For those looking to sculpt their biceps, Solbar will be presenting its wide range of soy proteins in addition to its isoflavone extracts offering relief for the symptoms of the menopause and osteoporosis. The low viscosity isolated soy protein Solbar Q842 is aimed at producers of protein bars and extruded snacks, while calcium fortified isolated soy protein Solbar Q735 is intended for beverage applications.

Speaking of beverages, Bariatrix Europe will showcase new global solutions at Finished Products Expo, including its banana flavour protein supplement. And, aside from low sugar cakes sweetened with polyols, it will put two new low-calorie protein-rich snacks on show.

Like Solbar, Serbia-based Sojaprotein is pursuing a slice of the soy market, promoting everything from textured soybean proteins to crude soybean oil for applications ranging from bakery to confectionery. The company is currently building a 70,000t a year soybean concentrate plant, plus a factory for producing functional soybean concentrates with capacity for processing 30,000t a year.

If soy protein doesn't take your fancy, there's always peas. Cosucra will be plugging its Pisane range of pea protein isolates with its Nastar range of pea starch and Fibrulose range of chicory oligofructose.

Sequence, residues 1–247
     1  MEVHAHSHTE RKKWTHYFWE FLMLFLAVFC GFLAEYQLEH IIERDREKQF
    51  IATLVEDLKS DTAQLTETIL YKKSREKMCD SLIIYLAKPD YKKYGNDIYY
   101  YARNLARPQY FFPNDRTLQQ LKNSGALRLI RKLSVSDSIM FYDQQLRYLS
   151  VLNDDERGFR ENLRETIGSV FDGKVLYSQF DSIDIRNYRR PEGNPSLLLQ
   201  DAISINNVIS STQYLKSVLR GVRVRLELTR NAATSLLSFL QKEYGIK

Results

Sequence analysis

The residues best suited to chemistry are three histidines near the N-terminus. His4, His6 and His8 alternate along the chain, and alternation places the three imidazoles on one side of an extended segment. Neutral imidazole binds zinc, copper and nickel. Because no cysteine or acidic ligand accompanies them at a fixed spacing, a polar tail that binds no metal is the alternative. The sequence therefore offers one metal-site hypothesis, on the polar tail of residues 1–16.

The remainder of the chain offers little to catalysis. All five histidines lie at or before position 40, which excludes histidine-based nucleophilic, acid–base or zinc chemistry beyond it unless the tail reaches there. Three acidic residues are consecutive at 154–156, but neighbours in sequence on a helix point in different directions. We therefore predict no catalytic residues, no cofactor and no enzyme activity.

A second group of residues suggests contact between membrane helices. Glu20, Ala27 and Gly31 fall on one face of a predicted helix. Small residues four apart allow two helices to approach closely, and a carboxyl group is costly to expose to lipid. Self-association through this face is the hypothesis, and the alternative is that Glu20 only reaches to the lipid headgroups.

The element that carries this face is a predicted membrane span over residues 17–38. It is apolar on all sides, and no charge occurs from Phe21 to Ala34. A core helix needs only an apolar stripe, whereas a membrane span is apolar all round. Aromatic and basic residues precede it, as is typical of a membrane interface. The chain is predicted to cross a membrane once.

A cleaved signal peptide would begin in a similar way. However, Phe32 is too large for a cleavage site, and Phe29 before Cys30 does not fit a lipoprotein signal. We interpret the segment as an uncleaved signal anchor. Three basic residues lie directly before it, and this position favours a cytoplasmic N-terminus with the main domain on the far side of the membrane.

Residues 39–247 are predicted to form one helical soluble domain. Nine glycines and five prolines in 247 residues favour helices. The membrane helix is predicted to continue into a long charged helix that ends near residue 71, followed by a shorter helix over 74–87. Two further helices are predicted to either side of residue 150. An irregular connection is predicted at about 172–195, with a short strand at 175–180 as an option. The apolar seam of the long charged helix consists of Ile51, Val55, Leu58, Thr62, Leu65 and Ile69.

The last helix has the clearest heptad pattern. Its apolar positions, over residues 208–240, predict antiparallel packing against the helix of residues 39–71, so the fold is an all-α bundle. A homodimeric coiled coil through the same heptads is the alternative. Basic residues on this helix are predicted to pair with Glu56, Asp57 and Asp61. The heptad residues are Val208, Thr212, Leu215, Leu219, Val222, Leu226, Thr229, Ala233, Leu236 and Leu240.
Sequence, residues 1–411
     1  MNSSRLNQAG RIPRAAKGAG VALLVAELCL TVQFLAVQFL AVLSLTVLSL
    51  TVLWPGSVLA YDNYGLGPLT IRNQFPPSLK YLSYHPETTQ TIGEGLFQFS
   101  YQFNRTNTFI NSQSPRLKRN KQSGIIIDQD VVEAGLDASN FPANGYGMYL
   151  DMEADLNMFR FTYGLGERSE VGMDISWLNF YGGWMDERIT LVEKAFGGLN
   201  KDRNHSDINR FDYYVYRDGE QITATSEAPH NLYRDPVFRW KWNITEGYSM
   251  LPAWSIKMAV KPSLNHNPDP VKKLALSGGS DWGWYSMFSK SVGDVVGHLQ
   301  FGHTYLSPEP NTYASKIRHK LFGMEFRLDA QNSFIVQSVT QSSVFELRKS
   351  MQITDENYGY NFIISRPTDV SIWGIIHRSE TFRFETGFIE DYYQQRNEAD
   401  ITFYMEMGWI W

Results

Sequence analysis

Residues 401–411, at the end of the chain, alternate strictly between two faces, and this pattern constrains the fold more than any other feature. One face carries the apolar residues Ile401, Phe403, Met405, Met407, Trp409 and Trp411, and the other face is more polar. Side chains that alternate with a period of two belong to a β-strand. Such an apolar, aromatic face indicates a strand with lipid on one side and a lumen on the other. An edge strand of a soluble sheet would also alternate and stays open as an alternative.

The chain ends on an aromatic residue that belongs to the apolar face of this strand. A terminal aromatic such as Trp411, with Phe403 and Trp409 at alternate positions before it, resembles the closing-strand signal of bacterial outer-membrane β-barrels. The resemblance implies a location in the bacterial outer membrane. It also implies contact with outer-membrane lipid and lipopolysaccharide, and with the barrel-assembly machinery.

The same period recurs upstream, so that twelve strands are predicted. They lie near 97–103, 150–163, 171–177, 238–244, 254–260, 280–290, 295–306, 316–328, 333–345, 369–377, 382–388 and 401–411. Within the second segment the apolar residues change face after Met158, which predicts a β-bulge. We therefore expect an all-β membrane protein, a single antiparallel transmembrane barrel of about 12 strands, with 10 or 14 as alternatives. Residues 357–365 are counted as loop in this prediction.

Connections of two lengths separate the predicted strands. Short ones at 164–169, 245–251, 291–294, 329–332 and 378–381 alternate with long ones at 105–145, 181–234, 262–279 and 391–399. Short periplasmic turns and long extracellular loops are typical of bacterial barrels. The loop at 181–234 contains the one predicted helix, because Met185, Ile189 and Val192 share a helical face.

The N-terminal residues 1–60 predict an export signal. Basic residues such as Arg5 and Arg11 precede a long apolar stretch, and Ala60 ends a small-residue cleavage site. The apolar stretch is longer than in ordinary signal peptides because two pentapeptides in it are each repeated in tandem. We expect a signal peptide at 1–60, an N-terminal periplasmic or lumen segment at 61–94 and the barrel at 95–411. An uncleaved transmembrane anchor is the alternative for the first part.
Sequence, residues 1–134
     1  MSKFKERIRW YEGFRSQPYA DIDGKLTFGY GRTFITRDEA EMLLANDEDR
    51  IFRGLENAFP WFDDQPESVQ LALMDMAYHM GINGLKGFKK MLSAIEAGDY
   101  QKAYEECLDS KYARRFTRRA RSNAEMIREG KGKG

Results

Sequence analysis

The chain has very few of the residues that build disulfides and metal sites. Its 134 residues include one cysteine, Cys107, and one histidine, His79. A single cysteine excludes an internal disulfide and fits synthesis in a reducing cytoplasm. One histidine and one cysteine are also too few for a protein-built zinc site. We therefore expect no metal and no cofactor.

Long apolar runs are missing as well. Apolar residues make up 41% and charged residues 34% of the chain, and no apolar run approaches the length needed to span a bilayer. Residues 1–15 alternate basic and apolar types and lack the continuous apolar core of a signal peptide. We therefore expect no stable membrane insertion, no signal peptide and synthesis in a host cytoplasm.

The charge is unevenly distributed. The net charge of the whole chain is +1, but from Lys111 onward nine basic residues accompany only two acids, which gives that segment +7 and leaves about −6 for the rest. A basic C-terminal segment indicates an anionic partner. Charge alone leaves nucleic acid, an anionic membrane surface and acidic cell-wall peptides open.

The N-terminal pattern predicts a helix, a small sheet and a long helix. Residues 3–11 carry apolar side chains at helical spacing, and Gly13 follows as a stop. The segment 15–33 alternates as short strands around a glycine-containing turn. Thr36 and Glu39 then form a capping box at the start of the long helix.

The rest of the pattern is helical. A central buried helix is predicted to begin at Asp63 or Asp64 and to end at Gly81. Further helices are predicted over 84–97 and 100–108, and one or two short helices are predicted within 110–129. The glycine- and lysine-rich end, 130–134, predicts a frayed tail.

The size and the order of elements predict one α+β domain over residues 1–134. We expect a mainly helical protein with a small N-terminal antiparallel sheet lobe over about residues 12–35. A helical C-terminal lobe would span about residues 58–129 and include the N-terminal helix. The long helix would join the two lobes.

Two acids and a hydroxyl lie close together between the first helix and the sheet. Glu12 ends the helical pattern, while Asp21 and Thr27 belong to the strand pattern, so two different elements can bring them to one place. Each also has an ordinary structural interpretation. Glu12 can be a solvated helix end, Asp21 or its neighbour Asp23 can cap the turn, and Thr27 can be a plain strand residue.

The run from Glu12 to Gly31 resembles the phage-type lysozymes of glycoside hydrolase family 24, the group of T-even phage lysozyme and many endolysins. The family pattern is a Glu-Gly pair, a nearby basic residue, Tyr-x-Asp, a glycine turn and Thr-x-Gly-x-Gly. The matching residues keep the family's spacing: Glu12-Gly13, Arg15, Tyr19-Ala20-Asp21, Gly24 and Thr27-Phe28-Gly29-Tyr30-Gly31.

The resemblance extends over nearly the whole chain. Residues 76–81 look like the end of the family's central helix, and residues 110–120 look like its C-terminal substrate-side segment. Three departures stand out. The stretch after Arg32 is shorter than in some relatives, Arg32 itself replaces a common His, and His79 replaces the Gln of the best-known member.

Roquette is offering both protein and weight loss hits with its Nutralys proteins and Nutriose wheat or maize soluble fibre, on which its Satiety Smart stick, which aims to aid dieting by boosting feelings of satiety, is based.


Rather than concern themselves with protein consumption to define their abs, some have chosen to focus on internal gut health to define their business plan. Probiotics International, for example, will be unveiling a strong new look and strategy for its award-winning multi-strain probiotic brand Bio-Kult. It will also be talking to customers about its new manufacturing facilities in Somerset in the UK and its plans for gaining EFSA probiotic health claims.

Meantime, Danisco will be extolling the virtues of orange juice fortified with its probiotic blend Howaru Bifido, plus its Howaru Balance range of probiotic supplements offering digestive and immune health to all the family.


Why limit yourself to one specialist solution, such as gut health, when you can view several at the same stand? Plant extracts with a range of health benefits will be displayed by companies such as K Patel Phyto Extractions, which is based in India. It proudly boasts 40 botanical extracts and 10 speciality phytochemicals. Recent launches include water soluble botanical extracts.

And DSM will launch two vitamin, mineral and functional platforms one for children and teenagers and one for men under its Health Benefit Solutions umbrella. The 12 other products in the range will also be on show, alongside its Fruitflow heart health ingredient.

Philosopher and resident of Geneva, Jean Jacques Rousseaux said: "There are two things to be considered with regard to any scheme. In the first place: 'Is it good in itself?' In the second: 'Can it be easily put into practice?'"​ Many of the ideas at Vitafoods will qualify for your business on both counts. Your mission is to find them.